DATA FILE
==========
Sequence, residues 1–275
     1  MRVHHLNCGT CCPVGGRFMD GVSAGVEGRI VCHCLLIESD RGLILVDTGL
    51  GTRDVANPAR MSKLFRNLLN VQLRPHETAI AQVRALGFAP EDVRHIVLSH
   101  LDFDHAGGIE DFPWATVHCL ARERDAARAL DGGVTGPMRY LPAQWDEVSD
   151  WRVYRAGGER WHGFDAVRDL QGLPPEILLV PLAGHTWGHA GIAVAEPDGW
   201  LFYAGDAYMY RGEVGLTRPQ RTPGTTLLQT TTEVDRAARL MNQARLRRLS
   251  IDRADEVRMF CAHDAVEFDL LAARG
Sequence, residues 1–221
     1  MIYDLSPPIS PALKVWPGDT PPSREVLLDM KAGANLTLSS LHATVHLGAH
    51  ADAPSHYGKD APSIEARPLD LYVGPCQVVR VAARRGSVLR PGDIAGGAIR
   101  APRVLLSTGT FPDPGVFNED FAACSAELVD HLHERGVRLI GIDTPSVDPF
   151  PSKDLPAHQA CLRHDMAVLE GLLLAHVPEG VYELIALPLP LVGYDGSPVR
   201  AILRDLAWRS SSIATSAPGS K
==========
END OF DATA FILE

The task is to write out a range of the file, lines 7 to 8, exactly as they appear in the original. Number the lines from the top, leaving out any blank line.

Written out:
   251  IDRADEVRMF CAHDAVEFDL LAARG
Sequence, residues 1–221